Provides introductory information for AusAID scholarships applicants.
AusAID's Australia Awards provide rewarding higher education opportunities for people from developing countries to build skills and knowledge to promote development in their home country and build enduring people to people linkages.
Who is AusAID?
AusAID is the Australian Government agency that manages Australia’s overseas aid program. The fundamental purpose of the Australian aid program is to help people overcome poverty.
This also serves Australia’s national interests by promoting stability and prosperity both in our region and beyond. The aid program’s efforts are focused in areas where Australia can make a difference and where our resources can most effectively and efficiently be deployed. More information about AusAID
Why does AusAID offer Australia Awards?
AusAID Australia Awards reflect the overall objectives of Australia’s overseas aid program. Through the awards, AusAID seeks to develop the capacity and leadership skills of awardees so that they can contribute to development in their home country and to build people to people linkages at the individual, institutional and country levels. More information about AusAID’s Australia Awards.
What entitlements are available?
- Establishment Allowance
- Fortnightly Contribution to Living Expenses (CLE)
- Institution tuition fees
- Return Home airfare
- Health cover (Overseas Student Health Cover)
- Supplementary academic support up to $1,000/year
- Where applicable: Reunion airfare, fieldwork (for students undertaking research only), pre-course English.
A full list of all benefits and entitlements available to awardees can be found in the Scholarships handbook. The Contribution to Living Expenses is only intended to assist in meeting everyday living costs. It is not designed to cover the complete costs of awardees and/or their dependents whilst in Australia.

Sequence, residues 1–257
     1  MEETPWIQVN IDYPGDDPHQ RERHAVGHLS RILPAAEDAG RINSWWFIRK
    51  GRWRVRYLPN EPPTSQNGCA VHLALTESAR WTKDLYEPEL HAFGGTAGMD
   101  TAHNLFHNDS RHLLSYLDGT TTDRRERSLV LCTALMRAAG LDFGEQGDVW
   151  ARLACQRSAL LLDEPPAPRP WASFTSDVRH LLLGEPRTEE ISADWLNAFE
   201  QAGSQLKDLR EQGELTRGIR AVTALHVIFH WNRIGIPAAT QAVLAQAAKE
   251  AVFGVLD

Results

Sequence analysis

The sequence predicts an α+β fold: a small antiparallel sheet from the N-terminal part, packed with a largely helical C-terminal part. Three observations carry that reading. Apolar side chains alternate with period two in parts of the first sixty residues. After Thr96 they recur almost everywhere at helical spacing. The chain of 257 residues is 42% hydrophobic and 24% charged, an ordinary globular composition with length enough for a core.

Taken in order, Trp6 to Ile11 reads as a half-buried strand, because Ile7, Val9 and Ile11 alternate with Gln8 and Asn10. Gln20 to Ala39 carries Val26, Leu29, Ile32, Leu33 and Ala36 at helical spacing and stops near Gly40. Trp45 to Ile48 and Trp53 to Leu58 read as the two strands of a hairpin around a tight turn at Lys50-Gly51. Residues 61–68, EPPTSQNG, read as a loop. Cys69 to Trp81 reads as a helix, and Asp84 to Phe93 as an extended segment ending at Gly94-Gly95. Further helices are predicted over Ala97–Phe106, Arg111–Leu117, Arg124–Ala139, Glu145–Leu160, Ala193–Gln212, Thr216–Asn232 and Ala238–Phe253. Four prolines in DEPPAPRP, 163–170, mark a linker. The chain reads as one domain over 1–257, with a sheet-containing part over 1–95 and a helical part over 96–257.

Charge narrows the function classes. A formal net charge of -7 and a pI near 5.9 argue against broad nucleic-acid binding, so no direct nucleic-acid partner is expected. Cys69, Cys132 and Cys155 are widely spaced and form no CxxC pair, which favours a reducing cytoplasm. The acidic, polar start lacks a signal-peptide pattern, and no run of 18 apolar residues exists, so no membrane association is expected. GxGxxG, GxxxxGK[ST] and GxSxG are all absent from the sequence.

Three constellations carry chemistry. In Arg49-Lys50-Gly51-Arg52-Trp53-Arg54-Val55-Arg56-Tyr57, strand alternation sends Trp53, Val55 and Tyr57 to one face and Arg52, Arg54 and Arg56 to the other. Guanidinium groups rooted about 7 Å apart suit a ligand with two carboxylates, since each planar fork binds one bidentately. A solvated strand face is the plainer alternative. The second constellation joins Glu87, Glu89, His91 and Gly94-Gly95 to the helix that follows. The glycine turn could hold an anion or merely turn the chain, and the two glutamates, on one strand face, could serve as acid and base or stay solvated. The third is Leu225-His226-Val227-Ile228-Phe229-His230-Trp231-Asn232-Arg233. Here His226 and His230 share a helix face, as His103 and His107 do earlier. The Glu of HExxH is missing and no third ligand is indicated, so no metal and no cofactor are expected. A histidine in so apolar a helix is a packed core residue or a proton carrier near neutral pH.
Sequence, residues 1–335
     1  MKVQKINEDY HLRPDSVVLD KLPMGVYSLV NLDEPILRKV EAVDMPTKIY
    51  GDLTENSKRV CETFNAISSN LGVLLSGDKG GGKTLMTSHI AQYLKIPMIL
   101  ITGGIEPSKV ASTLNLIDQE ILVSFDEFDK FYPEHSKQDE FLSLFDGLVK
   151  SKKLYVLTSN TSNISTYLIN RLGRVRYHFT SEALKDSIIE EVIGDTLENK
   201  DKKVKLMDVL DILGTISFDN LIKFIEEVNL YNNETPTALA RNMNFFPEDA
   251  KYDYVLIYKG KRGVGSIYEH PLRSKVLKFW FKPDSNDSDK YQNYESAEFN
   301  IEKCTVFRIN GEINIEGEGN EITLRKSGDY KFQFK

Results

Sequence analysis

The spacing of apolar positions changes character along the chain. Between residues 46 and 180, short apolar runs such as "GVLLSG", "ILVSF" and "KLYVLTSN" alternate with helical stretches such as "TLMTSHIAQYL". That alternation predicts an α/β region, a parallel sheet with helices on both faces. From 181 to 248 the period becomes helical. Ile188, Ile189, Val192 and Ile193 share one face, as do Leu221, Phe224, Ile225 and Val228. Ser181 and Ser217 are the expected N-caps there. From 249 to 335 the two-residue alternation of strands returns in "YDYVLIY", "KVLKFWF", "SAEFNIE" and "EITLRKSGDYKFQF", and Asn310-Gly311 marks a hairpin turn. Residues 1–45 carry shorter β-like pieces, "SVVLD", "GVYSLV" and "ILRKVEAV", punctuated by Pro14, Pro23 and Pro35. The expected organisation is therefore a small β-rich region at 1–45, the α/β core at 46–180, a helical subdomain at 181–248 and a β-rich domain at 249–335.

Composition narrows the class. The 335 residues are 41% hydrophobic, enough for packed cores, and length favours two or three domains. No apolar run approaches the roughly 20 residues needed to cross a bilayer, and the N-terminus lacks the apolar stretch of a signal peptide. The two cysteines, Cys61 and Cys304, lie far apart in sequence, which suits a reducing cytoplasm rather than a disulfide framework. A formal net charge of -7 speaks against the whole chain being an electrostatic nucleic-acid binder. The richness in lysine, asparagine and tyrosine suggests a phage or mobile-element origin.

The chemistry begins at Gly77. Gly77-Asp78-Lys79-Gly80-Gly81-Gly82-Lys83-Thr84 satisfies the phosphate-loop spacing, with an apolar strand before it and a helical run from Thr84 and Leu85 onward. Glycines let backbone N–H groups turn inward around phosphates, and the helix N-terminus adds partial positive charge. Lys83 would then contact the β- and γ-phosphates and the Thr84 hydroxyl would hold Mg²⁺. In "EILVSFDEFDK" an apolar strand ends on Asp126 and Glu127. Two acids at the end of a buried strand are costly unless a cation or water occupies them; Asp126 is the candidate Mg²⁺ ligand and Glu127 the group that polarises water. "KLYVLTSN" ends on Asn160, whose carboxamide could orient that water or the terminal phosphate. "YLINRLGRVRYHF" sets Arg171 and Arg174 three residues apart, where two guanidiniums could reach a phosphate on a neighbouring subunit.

Overseas Student Health Cover (OSHC) covers basic medical and hospital care in Australia, most prescription drugs and emergency ambulance transport. OSHC does not cover: all costs for medical treatment, or pre existing medical conditions.
Awardees may, at their own expense, purchase additional medical insurance to cover ancillary services such as dentistry and physiotherapy, etc. AusAID does not provide OSHC or any other form of health insurance for family members. Awardees are responsible for all medical expenses, including health cover, for all family members while they are in Australia. Please see the Scholarships handbook for more information.
What visa will I need? How do I apply?
Awardees are granted a Student visa—(Temporary Visa (Subclass 576)). Awardees holding Student visas are not required to apply for a separate work permit. The Australian Department of Immigration and Citizenship (DIAC) provides detailed information regarding visas.
Will my family be able to accompany me to Australia?
AusAID advises awardees to wait until their second semester before bringing their families to Australia so they have time to find long term accommodation and settle in. The AusAID student visa allows awardees to bring immediate family members to Australia as dependants. More information about visa conditions for family members can be found at the DIAC website.
For more information on bringing your family see Part 1 of our pre-departure video for AusAID’s Australia Awards—Preparing to come to Australia.
Will my partner be able to work?
Eligible dependent family members are permitted to work in Australia under the AusAID student visa. Further details on work requirements can be found at the DIAC website. Information about local employment vacancies is often available on university websites.
For more information on work in Australia see Part 4 of our pre-departure video for AusAID’s Australia Awards—Living in Australia.
What about schooling for my children?
Carefully consider the extra costs of bringing your family to Australia